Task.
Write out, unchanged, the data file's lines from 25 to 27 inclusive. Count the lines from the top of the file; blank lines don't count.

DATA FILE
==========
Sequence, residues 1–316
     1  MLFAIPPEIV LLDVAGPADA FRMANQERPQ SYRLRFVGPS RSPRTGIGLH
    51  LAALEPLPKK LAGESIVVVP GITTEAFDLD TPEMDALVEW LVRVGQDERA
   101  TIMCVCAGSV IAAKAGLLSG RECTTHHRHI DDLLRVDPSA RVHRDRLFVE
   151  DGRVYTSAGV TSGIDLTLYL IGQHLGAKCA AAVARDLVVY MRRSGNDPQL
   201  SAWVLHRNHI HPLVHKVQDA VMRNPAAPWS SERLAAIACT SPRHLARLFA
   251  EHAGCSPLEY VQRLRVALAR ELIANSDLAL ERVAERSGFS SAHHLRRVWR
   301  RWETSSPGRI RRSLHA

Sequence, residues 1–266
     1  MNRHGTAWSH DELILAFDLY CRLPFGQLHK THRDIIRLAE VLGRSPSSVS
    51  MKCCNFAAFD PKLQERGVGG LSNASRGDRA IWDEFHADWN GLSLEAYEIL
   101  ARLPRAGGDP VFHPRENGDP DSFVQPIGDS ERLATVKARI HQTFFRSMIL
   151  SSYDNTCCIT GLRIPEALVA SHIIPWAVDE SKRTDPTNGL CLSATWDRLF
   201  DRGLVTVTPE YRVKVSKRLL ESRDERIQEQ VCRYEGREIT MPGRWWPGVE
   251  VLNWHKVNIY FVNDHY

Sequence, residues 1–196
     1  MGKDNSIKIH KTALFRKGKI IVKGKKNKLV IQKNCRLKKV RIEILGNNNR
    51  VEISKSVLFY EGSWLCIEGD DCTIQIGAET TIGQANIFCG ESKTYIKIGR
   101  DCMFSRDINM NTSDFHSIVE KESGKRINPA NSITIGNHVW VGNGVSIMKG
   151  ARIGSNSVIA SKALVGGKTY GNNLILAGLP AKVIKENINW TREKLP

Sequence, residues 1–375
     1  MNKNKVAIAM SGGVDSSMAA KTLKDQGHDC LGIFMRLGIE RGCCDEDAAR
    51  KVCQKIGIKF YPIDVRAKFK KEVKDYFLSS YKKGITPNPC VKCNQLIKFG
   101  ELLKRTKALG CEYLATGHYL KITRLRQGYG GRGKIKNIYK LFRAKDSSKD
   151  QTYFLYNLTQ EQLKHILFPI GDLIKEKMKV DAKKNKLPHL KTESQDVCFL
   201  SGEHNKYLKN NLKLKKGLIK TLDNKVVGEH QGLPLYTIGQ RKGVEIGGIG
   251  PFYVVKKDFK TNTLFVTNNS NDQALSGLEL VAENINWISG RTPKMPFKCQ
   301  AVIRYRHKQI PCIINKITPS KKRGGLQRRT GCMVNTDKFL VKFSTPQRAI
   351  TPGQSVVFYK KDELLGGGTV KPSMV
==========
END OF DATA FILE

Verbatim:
   151  QTYFLYNLTQ EQLKHILFPI GDLIKEKMKV DAKKNKLPHL KTESQDVCFL
   201  SGEHNKYLKN NLKLKKGLIK TLDNKVVGEH QGLPLYTIGQ RKGVEIGGIG
   251  PFYVVKKDFK TNTLFVTNNS NDQALSGLEL VAENINWISG RTPKMPFKCQ